Mario Vargas Llosa elected to the French Academy

The Peruvian-Spanish writer Mario Vargas Llosa was elected this Thursday to the French Academy.

The Peruvian-Spanish writer Mario Vargas Llosa was elected Thursday to the French Academy, which for this 85-year-old Nobel Prize winner for literature made an exception to the age limit.

The novelist, Nobel in 2010, won 18 votes in the first round, against one for director Frédéric Vignale, one blank and two draws.

His candidacy had been retained by the Immortals while since 2010 precisely, it is necessary to be less than 75 years old to stand for this election. On the other hand, there is no rule as to nationality.

Other foreigners have been elected to the Academy in the past, such as the American Julien Green and the Algerian Assia Djebar, now deceased, or the Haitian-Canadian Dany Laferrière, who joined in 2013.

On the other hand, and this is his particularity, Mario Vargas Llosa has never published in French. He speaks it fluently, having immigrated to Paris in 1959, but only writes in Spanish.

Elected to the Royal Spanish Academy in 1994, he now lives in Madrid.

Resolutely right

His work translated into French, mainly by Gallimard editions, is abundant, since The City and the Dogs in 1966, until Wild times in 2021, by the way The Goat Festival in 2000. He was the first foreign writer to enter the prestigious Pléiade collection during his lifetime, in 2016.

Born in Arequipa (southern Peru) on March 28, 1936, this middle-class child, after a stint at the Lima Military Academy, was destined for literary studies, in Lima then Madrid, and journalism. He is notably a journalist at the AFP Spanish desk in Paris.

His talent as a writer will make him one of the figures of the revelation to the world of Latin American literature in the 1960s, alongside the Colombian Gabriel García Márquez, the Argentinian Julio Cortázar or the Mexicans Carlos Fuentes and Juan. Rulfo.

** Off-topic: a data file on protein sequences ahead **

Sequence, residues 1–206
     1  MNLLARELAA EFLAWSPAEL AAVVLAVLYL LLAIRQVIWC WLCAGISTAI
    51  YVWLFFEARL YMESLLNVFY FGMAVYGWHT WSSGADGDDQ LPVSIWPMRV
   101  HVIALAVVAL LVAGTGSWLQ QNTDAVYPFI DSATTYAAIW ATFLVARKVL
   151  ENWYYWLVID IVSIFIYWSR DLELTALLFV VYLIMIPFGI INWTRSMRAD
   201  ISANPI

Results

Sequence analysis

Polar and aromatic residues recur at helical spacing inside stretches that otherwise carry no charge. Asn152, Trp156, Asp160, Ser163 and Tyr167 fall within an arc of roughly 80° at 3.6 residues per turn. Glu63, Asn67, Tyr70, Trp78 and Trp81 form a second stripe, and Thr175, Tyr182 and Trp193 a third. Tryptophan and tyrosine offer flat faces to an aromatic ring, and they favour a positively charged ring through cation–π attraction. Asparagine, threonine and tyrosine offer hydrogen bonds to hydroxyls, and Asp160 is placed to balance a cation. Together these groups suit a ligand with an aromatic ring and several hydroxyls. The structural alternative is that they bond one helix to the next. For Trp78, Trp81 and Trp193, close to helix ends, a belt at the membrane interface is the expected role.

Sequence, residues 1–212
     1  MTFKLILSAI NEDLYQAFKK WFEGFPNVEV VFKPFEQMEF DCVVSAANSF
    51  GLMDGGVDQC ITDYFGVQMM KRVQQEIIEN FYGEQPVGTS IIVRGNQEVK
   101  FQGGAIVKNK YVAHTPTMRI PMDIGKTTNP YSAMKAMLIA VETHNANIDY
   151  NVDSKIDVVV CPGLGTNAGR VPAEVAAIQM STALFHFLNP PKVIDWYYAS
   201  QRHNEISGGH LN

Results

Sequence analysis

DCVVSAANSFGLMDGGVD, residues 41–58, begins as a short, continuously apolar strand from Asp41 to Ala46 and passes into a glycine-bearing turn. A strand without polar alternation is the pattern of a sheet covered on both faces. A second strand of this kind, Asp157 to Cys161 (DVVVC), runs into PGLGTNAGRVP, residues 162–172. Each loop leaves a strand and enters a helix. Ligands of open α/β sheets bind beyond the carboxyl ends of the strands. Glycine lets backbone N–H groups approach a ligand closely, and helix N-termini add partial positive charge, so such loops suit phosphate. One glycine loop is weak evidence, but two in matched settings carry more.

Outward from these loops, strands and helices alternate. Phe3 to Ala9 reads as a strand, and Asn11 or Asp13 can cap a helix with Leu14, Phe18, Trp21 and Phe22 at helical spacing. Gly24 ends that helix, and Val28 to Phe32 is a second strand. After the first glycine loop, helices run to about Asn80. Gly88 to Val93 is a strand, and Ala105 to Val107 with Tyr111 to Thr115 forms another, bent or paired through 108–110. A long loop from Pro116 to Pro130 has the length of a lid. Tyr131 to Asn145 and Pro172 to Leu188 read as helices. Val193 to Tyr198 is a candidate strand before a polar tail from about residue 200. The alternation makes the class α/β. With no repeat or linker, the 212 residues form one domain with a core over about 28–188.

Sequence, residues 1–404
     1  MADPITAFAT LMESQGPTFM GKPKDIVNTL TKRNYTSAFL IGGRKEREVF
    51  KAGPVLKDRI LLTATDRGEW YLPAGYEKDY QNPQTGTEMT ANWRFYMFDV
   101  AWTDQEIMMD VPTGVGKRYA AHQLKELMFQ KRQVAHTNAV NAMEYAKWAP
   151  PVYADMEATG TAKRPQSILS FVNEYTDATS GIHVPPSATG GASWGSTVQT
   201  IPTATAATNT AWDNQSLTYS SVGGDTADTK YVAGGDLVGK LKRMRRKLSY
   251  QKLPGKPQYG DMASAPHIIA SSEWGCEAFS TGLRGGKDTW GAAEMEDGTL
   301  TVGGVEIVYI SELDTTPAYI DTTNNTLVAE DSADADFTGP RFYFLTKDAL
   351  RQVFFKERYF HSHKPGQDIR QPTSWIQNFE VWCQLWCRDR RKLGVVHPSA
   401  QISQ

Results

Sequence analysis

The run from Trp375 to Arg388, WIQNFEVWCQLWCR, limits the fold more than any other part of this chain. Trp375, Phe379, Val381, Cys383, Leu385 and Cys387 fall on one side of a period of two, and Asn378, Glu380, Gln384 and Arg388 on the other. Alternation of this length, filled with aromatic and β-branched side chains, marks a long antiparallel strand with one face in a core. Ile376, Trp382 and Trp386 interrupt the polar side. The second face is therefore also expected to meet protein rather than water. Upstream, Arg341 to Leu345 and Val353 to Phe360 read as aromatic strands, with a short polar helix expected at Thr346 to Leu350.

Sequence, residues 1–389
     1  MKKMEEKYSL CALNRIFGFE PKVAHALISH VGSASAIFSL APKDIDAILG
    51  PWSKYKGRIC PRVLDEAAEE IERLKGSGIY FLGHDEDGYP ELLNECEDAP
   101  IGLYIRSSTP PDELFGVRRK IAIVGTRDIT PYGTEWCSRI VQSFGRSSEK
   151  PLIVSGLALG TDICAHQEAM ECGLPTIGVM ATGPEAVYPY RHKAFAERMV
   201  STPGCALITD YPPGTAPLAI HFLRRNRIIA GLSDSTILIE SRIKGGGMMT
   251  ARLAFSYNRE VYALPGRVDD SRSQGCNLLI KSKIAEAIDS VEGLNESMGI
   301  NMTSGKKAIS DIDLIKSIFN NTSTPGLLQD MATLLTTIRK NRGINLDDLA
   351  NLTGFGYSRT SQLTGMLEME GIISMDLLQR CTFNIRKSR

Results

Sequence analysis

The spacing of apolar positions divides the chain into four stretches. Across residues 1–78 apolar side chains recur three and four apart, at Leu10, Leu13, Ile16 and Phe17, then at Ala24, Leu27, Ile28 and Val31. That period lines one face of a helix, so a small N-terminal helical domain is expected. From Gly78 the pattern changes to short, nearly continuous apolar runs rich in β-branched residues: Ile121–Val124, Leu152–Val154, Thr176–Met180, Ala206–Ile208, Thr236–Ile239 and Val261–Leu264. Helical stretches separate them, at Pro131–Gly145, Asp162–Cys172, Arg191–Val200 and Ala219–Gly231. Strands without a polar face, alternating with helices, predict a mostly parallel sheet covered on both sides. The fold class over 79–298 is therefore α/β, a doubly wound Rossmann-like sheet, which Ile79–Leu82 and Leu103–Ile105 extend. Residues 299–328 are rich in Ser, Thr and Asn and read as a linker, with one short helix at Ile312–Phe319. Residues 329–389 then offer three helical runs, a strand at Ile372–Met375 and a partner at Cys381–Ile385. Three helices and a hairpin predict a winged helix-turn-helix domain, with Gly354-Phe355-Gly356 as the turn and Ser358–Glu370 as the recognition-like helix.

He also had a political career, with a candidacy for the presidency of Peru in 1990, resolutely on the right. He asserted controversial liberal views, which offended a good part of the electorate.

Attracted in his youth by the Cuban revolution, Mario Vargas Llosa broke away from it in the 1970s. He was then one of the most virulent critics of certain Latin American authoritarian regimes, such as Hugo Chavez’s Venezuela.

Five vacant seats

In the Peruvian presidential election in June, he supported the right-wing populist candidate Keiko Fujimori, daughter of former President Alberto Fujimori, who was defeated in the second round.

Lately, the controversy has concerned suspicions of tax evasion. According to the revelations of several media in the case of the “Pandora Papers”, Mario Vargas Llosa was a shareholder between 2015 and 2017 of a company in the British Virgin Islands, a tax haven. He denies any intention of avoiding any tax whatsoever.

The French Academy had not welcomed a Nobel laureate since François Mauriac, elected in 1933, recipient of the Swedish prize in 1952, and deceased in 1970.

Of the 40 seats of the institution designed as the guardian of the French language, five remain vacant, and the 35 others are occupied by 29 men and six women.

In the absence of valuable candidates, the Academy is having noticeable difficulties in allocating these vacant seats. Its influence has receded, the prestige of the “green coat” is not at all the same as in the previous century, and many linguists consider its opinions irrelevant.

The chair taken by the Peruvian-Spanish is number 18, previously occupied by the philosopher Michel Serres, and before that, among others, the philosopher Alexis de Tocqueville, Marshal Foch or the former head of government Edgar Faure.

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